But my idea of copyrights remains that it should be reserved for new works and not to reward generations or owners who do little but buy the stuff. Art patrons are taking a gamble, like buying a lottery ticket, that a particular piece will upgrade in value (or match their sofa). They fuel the fine art market.

Mickey mouse and Barbie are not art unless altered.

Anonymous Coward says:

“A question is whether the system is as advantageous for certain artists of visual works. For some artwork, where the primary financial benefit may be through the sale of the original work rather than multiple copies, the creator may receive less financial benefit from the work than do subsequent collectors or other downstream entities that are able to take advantage of the increase in the value of the artwork over time.”

They talk about the financial benefit to the artist as if it materializes out of thin air as a result of the law. Rather, it’s exactly equal to the financial detriment to the rest of society. Why don’t those morons realize they are only redistributing wealth? I don’t recall redistribution of wealth being a purpose of copyright.

drew (profile) says:

bringing it into line with europe

Hmm, I remember arguing with one commenter about the meaning of “limited” in copyright a few months ago. They argued that there would be no further expansion of copyright and the last one was just to bring the US into line with the rest of the world.
Oh look, here’s that same argument again, expanding individual rights against the public interest.
Glad that I was proved wrong so quickly…

… oh no, wait.

Michael says:

Funny how artists from centuries-past still manage to sell reprints of their work, yet contemporary artists can’t figure out how to do the same.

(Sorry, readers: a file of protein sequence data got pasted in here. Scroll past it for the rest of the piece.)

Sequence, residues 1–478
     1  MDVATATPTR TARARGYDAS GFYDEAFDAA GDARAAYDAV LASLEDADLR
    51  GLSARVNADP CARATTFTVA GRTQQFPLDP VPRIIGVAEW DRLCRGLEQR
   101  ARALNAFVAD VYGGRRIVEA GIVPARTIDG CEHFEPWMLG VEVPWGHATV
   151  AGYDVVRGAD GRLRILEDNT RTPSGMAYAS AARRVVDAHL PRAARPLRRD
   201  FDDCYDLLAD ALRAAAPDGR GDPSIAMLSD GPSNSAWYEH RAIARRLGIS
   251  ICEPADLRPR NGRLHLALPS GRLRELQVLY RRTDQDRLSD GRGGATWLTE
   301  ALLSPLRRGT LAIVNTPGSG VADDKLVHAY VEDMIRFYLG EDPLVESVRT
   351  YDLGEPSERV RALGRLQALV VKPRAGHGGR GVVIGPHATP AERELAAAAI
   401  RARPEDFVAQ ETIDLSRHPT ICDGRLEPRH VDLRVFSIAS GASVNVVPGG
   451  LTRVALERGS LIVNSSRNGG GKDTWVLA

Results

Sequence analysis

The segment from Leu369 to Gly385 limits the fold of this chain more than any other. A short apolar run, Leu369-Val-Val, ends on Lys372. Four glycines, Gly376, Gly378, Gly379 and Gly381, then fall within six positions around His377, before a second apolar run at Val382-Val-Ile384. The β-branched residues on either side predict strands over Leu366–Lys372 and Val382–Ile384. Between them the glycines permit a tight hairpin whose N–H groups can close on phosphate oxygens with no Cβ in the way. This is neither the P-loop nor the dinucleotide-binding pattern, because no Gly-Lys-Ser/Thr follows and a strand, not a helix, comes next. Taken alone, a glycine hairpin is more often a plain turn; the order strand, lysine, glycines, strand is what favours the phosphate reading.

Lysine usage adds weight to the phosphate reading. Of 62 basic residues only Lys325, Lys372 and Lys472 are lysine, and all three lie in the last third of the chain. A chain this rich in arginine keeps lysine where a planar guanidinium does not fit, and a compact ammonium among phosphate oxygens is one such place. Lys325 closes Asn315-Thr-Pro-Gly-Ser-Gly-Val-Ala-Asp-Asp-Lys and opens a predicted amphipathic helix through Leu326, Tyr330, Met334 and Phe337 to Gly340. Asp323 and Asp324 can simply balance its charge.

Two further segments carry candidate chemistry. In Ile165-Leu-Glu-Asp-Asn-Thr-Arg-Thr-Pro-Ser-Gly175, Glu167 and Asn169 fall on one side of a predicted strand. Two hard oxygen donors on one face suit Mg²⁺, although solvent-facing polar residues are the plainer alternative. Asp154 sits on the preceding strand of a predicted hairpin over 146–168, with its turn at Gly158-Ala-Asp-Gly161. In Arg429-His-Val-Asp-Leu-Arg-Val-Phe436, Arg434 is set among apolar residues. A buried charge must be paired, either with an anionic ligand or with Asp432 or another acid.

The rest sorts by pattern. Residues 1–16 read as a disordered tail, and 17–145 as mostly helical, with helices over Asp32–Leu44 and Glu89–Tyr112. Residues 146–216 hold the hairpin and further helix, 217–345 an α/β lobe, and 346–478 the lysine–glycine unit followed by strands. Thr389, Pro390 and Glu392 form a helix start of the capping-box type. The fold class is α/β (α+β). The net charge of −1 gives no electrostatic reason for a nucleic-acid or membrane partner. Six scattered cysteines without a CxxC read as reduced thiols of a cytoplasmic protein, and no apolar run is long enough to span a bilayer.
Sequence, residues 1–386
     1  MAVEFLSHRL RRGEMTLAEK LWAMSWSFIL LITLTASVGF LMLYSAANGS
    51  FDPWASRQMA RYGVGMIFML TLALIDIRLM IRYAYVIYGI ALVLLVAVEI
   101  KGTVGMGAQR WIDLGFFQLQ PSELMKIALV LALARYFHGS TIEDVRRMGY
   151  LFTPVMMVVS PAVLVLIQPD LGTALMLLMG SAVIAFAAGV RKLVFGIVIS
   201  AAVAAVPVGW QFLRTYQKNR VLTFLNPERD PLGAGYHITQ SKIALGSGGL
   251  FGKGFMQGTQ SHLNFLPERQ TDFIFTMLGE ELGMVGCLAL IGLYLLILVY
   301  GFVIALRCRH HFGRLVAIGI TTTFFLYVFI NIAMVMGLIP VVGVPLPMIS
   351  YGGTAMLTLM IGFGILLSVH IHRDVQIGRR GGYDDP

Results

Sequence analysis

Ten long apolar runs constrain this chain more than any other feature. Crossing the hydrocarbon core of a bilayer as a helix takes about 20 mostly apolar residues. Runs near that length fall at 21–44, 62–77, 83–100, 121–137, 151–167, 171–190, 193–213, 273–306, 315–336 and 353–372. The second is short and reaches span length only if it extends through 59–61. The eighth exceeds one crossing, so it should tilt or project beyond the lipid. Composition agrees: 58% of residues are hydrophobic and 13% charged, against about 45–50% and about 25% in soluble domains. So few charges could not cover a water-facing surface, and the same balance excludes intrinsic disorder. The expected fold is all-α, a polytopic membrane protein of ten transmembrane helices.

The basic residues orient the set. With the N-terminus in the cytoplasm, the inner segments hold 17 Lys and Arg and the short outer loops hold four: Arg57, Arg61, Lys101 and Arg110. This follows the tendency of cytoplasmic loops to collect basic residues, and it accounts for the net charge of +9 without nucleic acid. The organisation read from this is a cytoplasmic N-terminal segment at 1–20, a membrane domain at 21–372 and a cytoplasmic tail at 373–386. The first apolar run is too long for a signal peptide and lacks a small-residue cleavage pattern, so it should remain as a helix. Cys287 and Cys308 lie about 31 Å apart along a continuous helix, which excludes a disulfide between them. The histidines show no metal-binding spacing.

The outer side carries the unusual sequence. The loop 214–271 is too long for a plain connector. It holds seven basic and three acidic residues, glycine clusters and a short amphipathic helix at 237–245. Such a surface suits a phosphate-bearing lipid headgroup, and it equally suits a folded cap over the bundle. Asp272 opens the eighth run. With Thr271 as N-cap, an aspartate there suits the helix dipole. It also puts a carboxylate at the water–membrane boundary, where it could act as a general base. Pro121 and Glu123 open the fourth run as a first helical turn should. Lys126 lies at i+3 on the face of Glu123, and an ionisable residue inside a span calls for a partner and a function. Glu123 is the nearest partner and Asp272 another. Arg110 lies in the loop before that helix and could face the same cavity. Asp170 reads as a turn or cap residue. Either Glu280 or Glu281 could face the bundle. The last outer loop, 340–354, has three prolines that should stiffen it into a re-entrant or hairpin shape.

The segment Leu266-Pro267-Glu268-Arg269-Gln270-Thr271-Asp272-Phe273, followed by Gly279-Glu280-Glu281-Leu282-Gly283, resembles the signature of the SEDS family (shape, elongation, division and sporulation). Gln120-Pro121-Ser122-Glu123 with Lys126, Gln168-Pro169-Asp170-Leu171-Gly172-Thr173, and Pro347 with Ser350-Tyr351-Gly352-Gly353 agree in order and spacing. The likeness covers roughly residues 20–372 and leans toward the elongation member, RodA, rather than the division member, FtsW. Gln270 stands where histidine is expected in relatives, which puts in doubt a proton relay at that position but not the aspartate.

Many artists are work-for-hire, so if they create an original work in order to fulfill an obligation, the employer owns the rights to reprint and distribute. The artist is paid once for his/her service and their contract has been fulfilled. If the Copyright Office perceives ‘inequality’, it is definitely caused by the fat cats at the top exploiting the talent and reaping the rewards, not the consumer who simply consumes and dispenses with the product.

If they want to make it fair, truly, they should revoke the work-for-hire clause and allow the artists to take a percentage of the corporate profit. That’s the real solution, not to dig into the consumers’ pocket just because X and Y company are too stingy to share their earnings.

Anonymous Coward says:

Think of the starving artist...and the government!

In California (and probably other states)the state gets to collect sales tax on a car every time it is registered to a new owner.
So every time someone buys a used car from a private owner, they lie about how much they paid for it.

Collecting sales tax (or a share of the profit) over and over again on the same item is what the government does best.
If the art piece is tracked via some type of collection society then the various governments will be able to collect a brand new sales tax and perhaps a luxury tax as well. Over,and Over, and over.Forever!

I see the same thing happening with Visual Art owners…so let the lies begin (“you’re not gonna believe it! I just bought this awesome Renoir for only 3 bucks”)…and may the best one win!